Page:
The Miura-Ori fold is a flat-folding technique that greatly reduces and compresses a sheet of paper through a tessellated crease pattern made of repeating parallelograms. Although the fold is fairly advanced and engineered, it is only comprised of alternating mountain and valley folds.
Watch the video below to learn more about the physics of the Miura-Ori fold from Professor Itai Cohen of Cornell University.
Another interest aspect of this fold is that the paper becomes “programmed” and develops a fold memory. This means that as the fold is repeated, the paper will seemingly begin to fold itself by following the fold pattern. Interestingly, the stiffness of the fold can also be programmed by creating “pop-through defects,” in which a point in the tessellation pattern is disrupted and inverted. These pop-through defects prevent the paper from being flat-foldable, and in doing so, give the structure greater stiffness and rigidity.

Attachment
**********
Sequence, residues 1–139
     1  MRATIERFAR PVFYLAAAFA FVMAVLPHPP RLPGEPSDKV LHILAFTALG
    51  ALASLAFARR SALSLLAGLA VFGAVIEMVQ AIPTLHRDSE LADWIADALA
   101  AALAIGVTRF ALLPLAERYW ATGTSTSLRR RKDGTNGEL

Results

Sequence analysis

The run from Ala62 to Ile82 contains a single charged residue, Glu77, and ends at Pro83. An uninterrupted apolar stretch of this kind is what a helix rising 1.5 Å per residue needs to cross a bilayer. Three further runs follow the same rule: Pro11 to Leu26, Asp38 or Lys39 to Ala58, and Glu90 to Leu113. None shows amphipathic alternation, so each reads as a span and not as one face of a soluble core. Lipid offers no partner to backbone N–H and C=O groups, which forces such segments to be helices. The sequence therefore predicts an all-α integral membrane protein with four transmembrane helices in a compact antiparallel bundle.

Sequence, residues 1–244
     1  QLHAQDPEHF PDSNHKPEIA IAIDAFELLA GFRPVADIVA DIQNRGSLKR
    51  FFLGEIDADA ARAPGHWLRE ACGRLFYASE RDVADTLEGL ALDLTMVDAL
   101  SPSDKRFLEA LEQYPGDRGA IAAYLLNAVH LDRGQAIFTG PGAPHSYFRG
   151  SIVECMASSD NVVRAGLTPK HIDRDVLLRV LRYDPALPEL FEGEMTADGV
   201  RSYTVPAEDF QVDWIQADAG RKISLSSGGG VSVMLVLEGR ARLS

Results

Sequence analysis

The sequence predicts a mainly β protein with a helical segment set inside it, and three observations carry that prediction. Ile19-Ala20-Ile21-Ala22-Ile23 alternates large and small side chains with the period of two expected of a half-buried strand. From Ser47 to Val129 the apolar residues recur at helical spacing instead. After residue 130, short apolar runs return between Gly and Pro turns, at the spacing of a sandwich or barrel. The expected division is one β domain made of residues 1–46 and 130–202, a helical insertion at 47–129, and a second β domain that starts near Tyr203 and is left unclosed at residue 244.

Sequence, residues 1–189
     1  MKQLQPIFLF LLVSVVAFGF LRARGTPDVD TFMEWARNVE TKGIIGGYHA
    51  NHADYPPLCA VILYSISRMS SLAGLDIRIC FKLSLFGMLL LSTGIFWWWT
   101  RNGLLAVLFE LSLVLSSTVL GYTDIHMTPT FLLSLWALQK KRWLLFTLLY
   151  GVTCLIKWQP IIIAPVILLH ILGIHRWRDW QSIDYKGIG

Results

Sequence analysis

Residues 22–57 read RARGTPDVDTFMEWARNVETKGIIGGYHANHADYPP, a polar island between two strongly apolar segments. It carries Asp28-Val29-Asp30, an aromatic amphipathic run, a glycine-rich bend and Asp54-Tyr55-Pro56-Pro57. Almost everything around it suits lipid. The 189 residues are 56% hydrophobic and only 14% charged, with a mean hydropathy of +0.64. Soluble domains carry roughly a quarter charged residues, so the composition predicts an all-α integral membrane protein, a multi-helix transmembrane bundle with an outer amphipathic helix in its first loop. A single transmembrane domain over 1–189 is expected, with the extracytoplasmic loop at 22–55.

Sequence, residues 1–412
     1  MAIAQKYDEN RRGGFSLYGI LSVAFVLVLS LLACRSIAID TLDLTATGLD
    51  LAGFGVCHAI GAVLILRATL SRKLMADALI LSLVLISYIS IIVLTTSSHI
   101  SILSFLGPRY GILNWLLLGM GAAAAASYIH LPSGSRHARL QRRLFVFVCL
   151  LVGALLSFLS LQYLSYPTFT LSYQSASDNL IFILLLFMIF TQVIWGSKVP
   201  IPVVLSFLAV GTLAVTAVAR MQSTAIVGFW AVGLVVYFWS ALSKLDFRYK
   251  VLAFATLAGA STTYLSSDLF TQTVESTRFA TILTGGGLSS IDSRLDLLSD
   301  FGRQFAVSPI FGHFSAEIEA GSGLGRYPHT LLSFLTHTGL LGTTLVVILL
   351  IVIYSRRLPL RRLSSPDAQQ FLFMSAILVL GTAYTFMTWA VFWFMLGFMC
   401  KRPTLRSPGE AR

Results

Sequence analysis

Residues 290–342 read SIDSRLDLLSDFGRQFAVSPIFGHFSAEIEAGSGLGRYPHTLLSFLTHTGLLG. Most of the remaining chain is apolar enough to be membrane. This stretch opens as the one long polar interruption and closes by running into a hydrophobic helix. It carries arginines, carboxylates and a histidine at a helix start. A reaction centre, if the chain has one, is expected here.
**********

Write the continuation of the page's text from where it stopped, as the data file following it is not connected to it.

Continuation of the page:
The fold pattern also gives the paper interesting mechanical and material properties. For example, the Miura-Ori fold gives seemingly unremarkable paper greater stiffness, rigidity, compressibility, and contractile ability, known as a negative Poisson’s ratio.
This idea that origami has the potential to give materials new properties has had huge implications within science and engineering, at both the nano and macroscale. Using this technology, researchers have developed prototypes of large solar panel arrays for space satellites, surgical stents, as well as soft, self-deployable robots.
The Miura-ori fold gives materials interesting new properties, such as compressibility, rigidity, and increased structural integrity. A similar pattern is often seen in nature, such as with the Hornbeam leaf, which exhibits a herringbone-like mountain and valley pattern.
Now, try making your own mini-Miura-Ori fold!